This summer we’re looking at the state of the luxury agent & broker in today’s increasingly complex real estate market. In October, we’ll gather in Beverly Hills at Luxury Connect to share best practices, network, and create blueprint for the luxury agent/broker of tomorrow. Don’t miss it.

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Luxury real estate enthusiast Peter Lorimer of PLG Estates confesses that he “is everywhere” when it comes to social media. “I am one of the maniacs that does Twitter, LinkedIn — Instagram is my main focus — and I still do Facebook and run a Facebook Business page as well, plus I’m considering dialing up Snapchat again,” he said.

Lorimer is going to be talking about how to use technology and social media to make connections in luxury real estate at Luxury Connect, October 16 through 18 at the Beverly Wilshire Hotel in Beverly Hills. He’ll talk about the changes he’s seen sweep through social media and how to stand out from the crowd.

“I’ve been heavily posting on social media for a decade,” he explained, “and I noticed in the beginning that everything lived on every platform, and it was all the same. Someone would do the same post on Facebook, Twitter, Instagram, and everybody looked at everything. Now what I’m finding is, people tend to look at the same one or two platforms all the time, and then occasionally dive into another.”

This is why he’s decided to focus mostly on Instagram for the time being — it has better engagement than many other platforms. But he’s also careful to cater to each audience specifically. “My LinkedIn audience is completely different from Instagram, and my Facebook audience is, for the most part, different, too. I subscribe to the shotgun approach of getting everything everywhere, and I also subscribe to the philosophy that you can never post too much as long as the content is good.”

Hear how Lorimer crafts high-quality content, how he decides to deploy it and how it’s all shaking out in his business when he sits down for a facilitated roundtable discussion as part of “Secrets of Success: Learn From the Experts,” happening only once this year at Luxury Connect.

What do you think the luxury agent of the future looks like?

It’s a tall, British, handsome guy. (laughs)

I do believe that high-touch will never go out of style. And if anything, I think that the luxury agent of the future will actually resemble the agent of today far more than the traditional agent of the future. Because in luxury, it’s all about trust. I can put out all the cool videos I want and use digital social media to open the door, but if at the end of the day I can’t be trusted, trust is the most valuable commodity and I think that will always remain.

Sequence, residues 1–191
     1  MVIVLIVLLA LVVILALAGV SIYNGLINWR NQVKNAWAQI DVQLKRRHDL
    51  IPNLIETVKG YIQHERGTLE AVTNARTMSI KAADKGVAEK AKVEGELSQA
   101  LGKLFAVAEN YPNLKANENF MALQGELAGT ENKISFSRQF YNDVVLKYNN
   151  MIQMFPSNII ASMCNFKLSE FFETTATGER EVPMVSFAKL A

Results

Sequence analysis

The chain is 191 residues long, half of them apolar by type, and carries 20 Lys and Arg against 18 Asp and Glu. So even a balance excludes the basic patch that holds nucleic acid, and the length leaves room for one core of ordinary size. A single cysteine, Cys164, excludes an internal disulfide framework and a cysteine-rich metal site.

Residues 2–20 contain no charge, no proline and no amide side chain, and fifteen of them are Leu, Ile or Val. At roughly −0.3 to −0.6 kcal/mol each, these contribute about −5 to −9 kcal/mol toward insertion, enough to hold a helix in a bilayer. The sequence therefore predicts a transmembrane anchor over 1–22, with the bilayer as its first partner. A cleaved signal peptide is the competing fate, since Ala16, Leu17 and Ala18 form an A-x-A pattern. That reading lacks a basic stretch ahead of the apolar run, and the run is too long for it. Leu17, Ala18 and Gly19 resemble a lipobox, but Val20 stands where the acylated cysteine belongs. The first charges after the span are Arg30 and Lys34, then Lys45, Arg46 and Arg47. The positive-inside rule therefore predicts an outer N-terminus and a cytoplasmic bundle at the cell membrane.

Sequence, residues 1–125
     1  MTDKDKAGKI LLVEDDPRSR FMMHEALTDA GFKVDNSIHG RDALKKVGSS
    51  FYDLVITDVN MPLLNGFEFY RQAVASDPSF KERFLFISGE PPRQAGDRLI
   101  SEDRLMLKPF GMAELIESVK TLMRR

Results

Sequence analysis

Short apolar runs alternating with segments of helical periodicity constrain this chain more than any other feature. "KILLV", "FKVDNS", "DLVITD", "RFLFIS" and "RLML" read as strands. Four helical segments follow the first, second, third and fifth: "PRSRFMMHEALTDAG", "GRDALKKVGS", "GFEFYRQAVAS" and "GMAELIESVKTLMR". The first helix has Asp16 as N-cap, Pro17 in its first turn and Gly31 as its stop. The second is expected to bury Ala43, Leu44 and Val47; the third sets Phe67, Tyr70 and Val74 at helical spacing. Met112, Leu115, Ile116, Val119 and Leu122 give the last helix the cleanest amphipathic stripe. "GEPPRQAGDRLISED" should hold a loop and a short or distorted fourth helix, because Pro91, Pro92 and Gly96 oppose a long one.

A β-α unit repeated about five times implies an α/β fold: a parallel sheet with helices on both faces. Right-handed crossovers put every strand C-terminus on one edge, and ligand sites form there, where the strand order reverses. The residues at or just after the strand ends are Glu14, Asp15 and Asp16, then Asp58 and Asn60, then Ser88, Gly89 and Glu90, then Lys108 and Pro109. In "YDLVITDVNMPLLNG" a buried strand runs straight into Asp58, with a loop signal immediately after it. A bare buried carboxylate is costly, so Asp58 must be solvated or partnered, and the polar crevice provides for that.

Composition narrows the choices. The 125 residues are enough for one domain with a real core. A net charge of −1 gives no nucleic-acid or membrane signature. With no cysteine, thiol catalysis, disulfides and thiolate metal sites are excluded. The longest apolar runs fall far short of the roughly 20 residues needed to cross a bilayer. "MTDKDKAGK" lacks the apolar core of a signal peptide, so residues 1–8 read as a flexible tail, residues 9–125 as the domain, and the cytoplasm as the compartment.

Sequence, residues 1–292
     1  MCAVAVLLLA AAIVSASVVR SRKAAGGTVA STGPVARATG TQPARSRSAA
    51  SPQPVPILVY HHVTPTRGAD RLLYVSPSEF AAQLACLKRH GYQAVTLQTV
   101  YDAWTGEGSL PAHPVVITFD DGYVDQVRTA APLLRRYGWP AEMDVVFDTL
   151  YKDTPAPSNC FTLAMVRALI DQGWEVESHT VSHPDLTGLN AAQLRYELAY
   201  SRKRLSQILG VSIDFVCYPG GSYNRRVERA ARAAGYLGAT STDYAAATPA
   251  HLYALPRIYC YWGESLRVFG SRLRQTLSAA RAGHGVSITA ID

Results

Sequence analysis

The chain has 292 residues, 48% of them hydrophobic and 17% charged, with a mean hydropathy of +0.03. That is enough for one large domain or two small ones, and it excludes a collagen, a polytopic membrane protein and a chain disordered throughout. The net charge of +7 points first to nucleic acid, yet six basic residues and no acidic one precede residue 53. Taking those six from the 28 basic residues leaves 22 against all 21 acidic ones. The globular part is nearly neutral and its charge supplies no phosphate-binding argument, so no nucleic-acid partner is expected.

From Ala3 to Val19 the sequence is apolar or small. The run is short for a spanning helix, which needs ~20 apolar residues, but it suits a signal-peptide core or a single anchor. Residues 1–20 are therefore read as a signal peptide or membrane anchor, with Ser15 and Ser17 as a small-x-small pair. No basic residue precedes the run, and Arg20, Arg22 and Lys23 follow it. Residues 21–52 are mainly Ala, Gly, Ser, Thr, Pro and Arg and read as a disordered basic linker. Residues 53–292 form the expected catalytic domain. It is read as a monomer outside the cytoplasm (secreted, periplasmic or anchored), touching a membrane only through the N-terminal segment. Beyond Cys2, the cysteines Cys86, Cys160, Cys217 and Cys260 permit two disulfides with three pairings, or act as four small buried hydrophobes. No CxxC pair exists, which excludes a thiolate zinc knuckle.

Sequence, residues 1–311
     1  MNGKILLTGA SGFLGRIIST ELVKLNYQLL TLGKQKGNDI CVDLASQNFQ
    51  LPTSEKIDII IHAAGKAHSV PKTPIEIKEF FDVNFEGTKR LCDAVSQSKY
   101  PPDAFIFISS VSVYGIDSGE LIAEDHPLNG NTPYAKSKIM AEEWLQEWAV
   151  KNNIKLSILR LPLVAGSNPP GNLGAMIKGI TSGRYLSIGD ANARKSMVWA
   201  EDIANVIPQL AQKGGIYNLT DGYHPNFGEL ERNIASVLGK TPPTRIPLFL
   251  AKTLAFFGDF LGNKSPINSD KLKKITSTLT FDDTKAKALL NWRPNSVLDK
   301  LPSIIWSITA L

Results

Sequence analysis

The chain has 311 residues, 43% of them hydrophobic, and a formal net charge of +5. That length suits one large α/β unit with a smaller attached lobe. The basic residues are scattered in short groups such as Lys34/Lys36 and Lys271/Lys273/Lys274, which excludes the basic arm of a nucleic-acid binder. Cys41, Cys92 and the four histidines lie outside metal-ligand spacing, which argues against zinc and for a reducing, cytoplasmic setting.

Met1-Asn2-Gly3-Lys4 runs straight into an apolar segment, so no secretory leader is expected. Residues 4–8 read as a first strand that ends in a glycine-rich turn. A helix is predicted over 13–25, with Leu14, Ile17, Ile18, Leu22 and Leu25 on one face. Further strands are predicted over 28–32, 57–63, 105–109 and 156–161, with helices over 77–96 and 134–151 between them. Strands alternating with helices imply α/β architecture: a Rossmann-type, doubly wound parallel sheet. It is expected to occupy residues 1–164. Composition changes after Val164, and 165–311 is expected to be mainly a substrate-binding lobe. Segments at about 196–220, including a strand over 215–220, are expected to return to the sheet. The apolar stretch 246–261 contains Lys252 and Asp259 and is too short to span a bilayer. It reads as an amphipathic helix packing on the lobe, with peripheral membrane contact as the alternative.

I think there are things you can do with technology that can help. I put my clients on an automated anniversary gift, once a year the house gets a happy birthday present from me and I’m blissfully unaware of it. That’s easily done. The phrase I do really stand by is there’s such a buzz on technology — technology, in my opinion, is not the answer. For me, technology is just, it allows us to augment our business. We will not be replaced by technology. The shitty agents will. But the good agents can have technology enhance their business. In fact, I think as there are more automated solutions available, the more high-touch and personable agents are, the more they break through the white noise by doing great social media and high-touch client service. You do a great social media post, pay to advertise it for your entire base, then you start prospecting. “Just checking in — how’s Joe, how’s the dog?” It’s warming up your entire database.

What do you feel are the challenges facing the luxury market this year?

In Los Angeles, I feel the luxury market has contracted and it’s been contracting for at least the last couple of years. There’s too much inventory in the luxury range, it’s the opposite of the regular real estate market. I think the challenges are — I remember selling in the Hollywood Hills when a luxury home was $3 million. Luxury represents trophy properties, and the really good ones tend to get bought. There’s a glut of properties in that range. If you can afford $30 million, chances are you can afford $45 million or $50 million, and a $50 million house is way more luxurious than a $30 million house.

What are some of the biggest problems you’ve faced in growing your business?

There is very little loyalty between clients and agents. It’s amazing. I’m a broker now and have 200 agents, but when I focused solely on luxury, it’s like you eat, sleep, breathe what your clients’ thoughts are, and if you’re prepared to do that, you stand a much higher chance of winning a luxury client, when the odds are massively already stacked against you. In order for you to even compete, you have to live, breathe, eat, think luxury real estate 24/7.

The biggest challenges are if you want any kind of life. You have to be prepared to be at your grandmother’s 80th birthday and run out the door before she cuts the cake to show a client a house they probably won’t buy. To be quite honest, I think a work-life balance is beautiful because I don’t want another million bucks on my deathbed, I want to know I spent time with my children. Money’s not the object for me.

I am just a passenger, I’m passing through, and I came into this world with nothing and I’m going out with nothing, so I don’t really give a shit how much I’ve got of anything, And I’m very fortunate because I’ve managed to accrue a bunch. But there is no deal big enough that would make me leave my kids’ birthday. I have dinner with my children every single night, and I have breakfast with them every single morning, and I make sure I have as much face time with them as often as possible. I may go out and work after dinner for a bit, I might not, but I am not an absent parent. I value family way above and beyond any monetary thing.